• Recently as many as 22 people had died after consuming spurious liquor in the Chengalpattu and Villupuram districts of Tamil Nadu.


  • Spurious liquor is characterised by the liquid mixture containing methanol as well.
  • The police have thus far determined that the spurious liquor in both the Chengalpattu and Villupuram incidents arose from the same source.
  • The arrack sellers had purchased industrial ­grade methanol from factories and sold it to the victims.

  • In many older cases, such liquor is typically a home­made liquor, such as arrack, to which methanol was added to strengthen the intoxicating effects (in colloquial parlance, its kick) and/or to increase its bulk volume.
  • The Food Safety and Standards (Alcoholic Beverages) Regulations 2018 stipulate the maximum permissible quantity of methanol in different liquors.
  • These values span a wide range, including “absent” in coconut fenny, 50 grams per 100 litres in country liquor, and 300 grams per 100 litres in pot­distilled spirits.


  • The methanol molecule (CH3OH) consists of one carbon atom bonded with three hydrogen atoms and one hydroxyl group.
  • Schedule I of the Manufacture, Storage and Import of Hazardous Chemical Rules 1989 includes methanol.
  • The Indian Standard IS 517 applies to how the quality of methanol is to be ascertained, and together with the Tamil Nadu Denatured Spirit, Methyl Alcohol, and Varnish (French Polish) Rules 1959, what signage, methanol packaging should carry.
  • The most common way to produce methanol is to combine carbon monoxide and hydrogen in the presence of copper and zinc oxides as catalysts at 50­-100 atm of pressure and 250°C.
  • In the pre­industrial era, going back to ancient Egypt, people also made methanol (together with several other byproducts) by heating wood to a very high temperature.
  • Methanol has several industrial applications, including as a precursor to acetic acid, formaldehyde, and aromatic
  • It is also used as a solvent and as antifreeze.
  • In Tamil Nadu, the manufacture, export, import, storage, and sale of methanol requires licences under the 1959 Rules.


  • The deadliness of spurious liquor arises from methanol.
  • In every hooch tragedy in the history of India — and of the world since 1945 — the poison has been methanol.
  • The human body contains infinitesimal quantities of methanol (4.5 ppm in the breath of healthy individuals, per a 2006 study) as a result of eating some fruits.
  • But even for an adult, more than 0.1 ml of pure methanol per kilogram of body­weight can be devastating.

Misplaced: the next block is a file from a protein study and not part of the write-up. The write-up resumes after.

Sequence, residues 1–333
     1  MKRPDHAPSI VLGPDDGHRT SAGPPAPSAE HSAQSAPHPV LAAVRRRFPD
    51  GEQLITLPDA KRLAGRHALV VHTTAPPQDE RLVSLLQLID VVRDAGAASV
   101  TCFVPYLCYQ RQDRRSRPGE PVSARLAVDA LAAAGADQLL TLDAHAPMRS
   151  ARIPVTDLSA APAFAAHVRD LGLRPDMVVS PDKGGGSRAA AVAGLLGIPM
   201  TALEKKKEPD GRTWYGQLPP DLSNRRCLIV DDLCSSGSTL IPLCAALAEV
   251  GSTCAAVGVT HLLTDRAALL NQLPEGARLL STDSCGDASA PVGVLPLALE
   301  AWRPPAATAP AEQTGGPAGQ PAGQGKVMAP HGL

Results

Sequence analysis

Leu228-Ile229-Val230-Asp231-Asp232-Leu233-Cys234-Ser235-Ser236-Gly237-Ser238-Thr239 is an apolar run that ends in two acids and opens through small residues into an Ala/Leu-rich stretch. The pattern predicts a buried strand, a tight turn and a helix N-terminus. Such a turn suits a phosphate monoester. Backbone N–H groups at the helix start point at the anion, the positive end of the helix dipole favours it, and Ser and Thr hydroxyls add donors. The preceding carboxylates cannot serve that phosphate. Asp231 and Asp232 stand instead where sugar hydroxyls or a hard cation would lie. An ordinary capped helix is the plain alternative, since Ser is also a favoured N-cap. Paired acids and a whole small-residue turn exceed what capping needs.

• Once ingested, methanol is metabolised in the liver by ADH enzymes to form formaldehyde (H­CHO).
  • Then ALDH enzymes convert formaldehyde to formic acid (HCOOH).

  • The accumulation of formic acid over time leads to a baneful condition called metabolic acidosis.
  • Acidosis can lead to acidemia, a condition wherein the blood’s pH drops below its normal value of 7.35, becoming increasingly acidic.
  • The blood’s pH is normally maintained by a balance between an acid, like carbon dioxide, and a base, like the bicarbonate ion (HCO3–).
  • As methanol is metabolised, the concentration of the bicarbonate ion drops, leading to the acid gaining the upper hand.
  • Formic acid also interferes with an enzyme called cytochrome oxidase, which in turn disrupts cells’ ability to use oxygen and leads to the build­up of lactic acid, contributing to acidosis.
  • A serious condition that may result in long­term or irreversible visual impairment or even blindness [due to] damage and loss of function of the optic nerve and retina.

  • Methanol ­poisoning can also cause cerebral edema, haemorrhage, and death.


  • There are two immediate ways to treat methanol poisoning.
  • One is to administer ethanol (of a pharmaceutical grade, by healthcare workers). This may sound counter ­intuitive but ethanol competes very well with methanol for the ADH enzymes.
  • As a result, the methanol is kept from being metabolised to formaldehyde.
  • The other option is to administer an antidote called fomepizole, which has a similar mechanism — it slows the action of the ADH enzymes, causing the body to produce formaldehyde at a rate that the body can quickly excrete, preventing the deadlier effects from kicking in.

  • Both courses of action are limited by the availability of their characteristic compounds.
  • Fomepizole is expensive whereas pharmaceutical-­grade ethanol needs to be administered under supervision.
  • Healthcare workers may also have the individual undertake a dialysis to remove methanol and formic acid salts from the blood, and mitigate damage to the kidneys and retina.
  • They may also administer folinic acid, which encourages the formic acid to break up into carbon dioxide and water.
  • Both fomepizole and folinic acid are in the WHO’s list of essential medicines.
  • The formic acid would have begun accumulating in dangerous amounts around 18­24 hours after ingestion, affecting the optic nerve, kidneys, the heart, and the brain.
  • Ophthalmic effects have been observed in 50% of those who have consumed methanol, and they become apparent within 24 hours.
  • If the individual consumed ethanol along with the methanol, the damage may not be evident until after a few days, further delaying treatment and increasing mortality.


  • The goal of an effective and sustainable alcohol policy can only be achieved through coordinated action between multiple stakeholders, such as women’s groups and vendors.
  • The rise of hooch tragedies should set alarm bells ringing about the inability of the administration in curbing the black market of liquor production and consumption.



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